The sureness with which the author draws her young characters and the deep perception and wisdom of her understanding of peer interplay and conversation will draw the reader into [The Truth About Stone Hollow] with its shadowy overlays of mystery and magic…. But the story consists of more than discoveries and wonderings. A clear picture emerges of the smug little town riddled with religious prejudices and family differences. If not rich in the creation of atmosphere and mood, nor always successful in dealing with the supernatural, the story is, nevertheless, fresh and readable.
Virginia Haviland, "Summer Booklist: 'The Truth about Stone Hollow'," in The Horn Book Magazine (copyright © 1974 by The Horn Book, Inc., Boston), Vol. L, No. 4, August, 1974, p. 380.
The future-fantasy world of Greensky [in Below the Root] … is a long way from Snyder's usual contemporary settings, but the concerns and attitudes expressed here are less remote. Settled by survivors from another world destroyed by war, Greensky is a vegetarian society where the words hate and kill do not exist and the only threat is from the dreaded Pash-shan who live below the root and who capture and enslave babies and occasional adults who fall or venture to the forest floor…. Greensky is a bit too ritualized and bloodless for our taste and we miss the stronger personalities of Snyder's previous, less highly evolved characters, but as revisionist fantasy this is worth the trip.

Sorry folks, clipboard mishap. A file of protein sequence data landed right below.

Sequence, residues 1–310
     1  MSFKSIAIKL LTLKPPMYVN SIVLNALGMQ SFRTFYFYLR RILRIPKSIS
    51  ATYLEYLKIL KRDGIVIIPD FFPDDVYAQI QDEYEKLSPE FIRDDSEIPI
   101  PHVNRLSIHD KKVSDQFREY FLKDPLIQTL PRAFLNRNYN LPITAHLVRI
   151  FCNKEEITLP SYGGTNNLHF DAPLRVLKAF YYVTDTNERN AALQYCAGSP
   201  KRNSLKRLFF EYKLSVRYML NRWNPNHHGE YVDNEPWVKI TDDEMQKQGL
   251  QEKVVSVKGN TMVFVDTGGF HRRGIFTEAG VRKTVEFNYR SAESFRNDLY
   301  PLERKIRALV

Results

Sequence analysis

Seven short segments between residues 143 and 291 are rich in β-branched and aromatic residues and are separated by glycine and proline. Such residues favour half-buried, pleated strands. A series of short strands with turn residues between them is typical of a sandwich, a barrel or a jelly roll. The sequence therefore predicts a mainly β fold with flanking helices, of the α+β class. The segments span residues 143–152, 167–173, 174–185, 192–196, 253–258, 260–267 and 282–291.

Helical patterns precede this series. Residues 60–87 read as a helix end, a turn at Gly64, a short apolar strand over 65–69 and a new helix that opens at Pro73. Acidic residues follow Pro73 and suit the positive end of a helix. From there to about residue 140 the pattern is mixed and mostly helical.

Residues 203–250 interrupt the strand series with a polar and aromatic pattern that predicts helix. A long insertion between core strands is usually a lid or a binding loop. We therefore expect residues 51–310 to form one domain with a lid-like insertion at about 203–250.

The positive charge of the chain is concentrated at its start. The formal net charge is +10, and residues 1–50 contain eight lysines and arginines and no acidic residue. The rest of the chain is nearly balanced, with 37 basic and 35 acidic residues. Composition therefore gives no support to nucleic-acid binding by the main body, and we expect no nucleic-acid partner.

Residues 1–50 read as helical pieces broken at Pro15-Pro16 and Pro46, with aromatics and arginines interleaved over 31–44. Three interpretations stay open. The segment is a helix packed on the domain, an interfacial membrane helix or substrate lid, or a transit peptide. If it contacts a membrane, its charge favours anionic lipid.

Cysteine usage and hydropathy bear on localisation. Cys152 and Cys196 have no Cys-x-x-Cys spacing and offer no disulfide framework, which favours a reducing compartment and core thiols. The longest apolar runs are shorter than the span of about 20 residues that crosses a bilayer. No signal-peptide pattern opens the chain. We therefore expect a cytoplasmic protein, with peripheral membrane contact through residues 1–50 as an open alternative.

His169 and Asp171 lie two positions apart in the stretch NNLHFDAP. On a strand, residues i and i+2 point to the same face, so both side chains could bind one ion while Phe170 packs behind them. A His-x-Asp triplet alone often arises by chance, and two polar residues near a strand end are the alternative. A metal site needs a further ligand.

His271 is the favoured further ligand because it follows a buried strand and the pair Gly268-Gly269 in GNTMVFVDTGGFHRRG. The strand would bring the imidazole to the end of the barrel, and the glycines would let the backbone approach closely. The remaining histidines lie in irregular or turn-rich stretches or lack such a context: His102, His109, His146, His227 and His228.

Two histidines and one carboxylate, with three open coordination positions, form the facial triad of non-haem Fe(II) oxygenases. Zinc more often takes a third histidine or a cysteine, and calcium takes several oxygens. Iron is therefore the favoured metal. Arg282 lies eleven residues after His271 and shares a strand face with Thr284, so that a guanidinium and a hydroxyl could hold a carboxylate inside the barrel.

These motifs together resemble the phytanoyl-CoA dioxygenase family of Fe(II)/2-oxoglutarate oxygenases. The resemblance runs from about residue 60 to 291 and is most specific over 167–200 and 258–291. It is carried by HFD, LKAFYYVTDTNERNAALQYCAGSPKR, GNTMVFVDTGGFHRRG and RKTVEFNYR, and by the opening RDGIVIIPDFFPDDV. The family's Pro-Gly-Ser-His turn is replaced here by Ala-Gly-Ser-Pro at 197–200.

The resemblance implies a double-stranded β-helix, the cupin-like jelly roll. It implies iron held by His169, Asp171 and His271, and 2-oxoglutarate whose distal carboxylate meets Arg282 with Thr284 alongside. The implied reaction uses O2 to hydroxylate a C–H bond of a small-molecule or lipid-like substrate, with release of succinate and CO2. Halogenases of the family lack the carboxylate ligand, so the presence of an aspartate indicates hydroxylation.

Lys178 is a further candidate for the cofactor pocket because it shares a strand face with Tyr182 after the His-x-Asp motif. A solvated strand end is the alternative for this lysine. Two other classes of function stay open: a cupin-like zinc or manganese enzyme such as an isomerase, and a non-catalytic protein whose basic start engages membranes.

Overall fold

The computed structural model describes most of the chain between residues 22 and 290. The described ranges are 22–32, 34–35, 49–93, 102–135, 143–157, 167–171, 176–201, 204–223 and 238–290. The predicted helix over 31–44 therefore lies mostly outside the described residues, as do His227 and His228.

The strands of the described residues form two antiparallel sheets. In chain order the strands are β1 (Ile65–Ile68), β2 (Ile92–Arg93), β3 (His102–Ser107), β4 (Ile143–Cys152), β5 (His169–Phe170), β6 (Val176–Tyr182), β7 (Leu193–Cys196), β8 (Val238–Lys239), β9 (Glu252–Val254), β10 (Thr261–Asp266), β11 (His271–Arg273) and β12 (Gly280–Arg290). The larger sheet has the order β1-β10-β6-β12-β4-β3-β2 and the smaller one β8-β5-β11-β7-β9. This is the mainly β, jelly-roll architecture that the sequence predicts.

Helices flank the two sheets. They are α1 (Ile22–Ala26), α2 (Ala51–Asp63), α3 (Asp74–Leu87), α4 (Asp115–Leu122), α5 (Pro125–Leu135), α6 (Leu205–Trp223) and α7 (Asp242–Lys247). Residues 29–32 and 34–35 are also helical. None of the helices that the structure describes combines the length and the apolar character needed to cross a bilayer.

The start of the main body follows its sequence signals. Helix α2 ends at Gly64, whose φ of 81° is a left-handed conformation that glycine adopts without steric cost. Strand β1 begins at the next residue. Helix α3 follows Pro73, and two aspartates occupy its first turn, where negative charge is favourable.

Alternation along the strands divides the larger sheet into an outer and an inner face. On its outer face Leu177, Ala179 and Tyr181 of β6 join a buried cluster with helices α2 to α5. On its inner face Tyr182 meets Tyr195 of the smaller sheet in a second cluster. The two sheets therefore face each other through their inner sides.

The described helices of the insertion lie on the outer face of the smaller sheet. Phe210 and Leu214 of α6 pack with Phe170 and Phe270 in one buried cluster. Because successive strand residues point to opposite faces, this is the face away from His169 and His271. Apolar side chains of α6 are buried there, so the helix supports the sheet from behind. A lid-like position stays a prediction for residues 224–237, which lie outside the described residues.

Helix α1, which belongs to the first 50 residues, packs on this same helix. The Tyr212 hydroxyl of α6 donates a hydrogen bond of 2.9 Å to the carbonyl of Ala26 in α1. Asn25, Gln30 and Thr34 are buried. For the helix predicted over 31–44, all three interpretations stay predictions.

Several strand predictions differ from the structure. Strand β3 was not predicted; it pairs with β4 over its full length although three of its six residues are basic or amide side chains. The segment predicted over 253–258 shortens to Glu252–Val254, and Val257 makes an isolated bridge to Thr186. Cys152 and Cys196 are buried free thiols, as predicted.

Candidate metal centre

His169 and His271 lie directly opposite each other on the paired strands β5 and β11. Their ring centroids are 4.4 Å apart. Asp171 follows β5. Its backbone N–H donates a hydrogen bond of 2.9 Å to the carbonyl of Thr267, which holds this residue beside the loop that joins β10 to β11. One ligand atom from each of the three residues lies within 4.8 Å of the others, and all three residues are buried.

"Younger Fiction: 'Below the Root'," in Kirkus Reviews (copyright © 1975 The Kirkus Service, Inc.), Vol. XLII, No. 5, March 1, 1975, p. 239.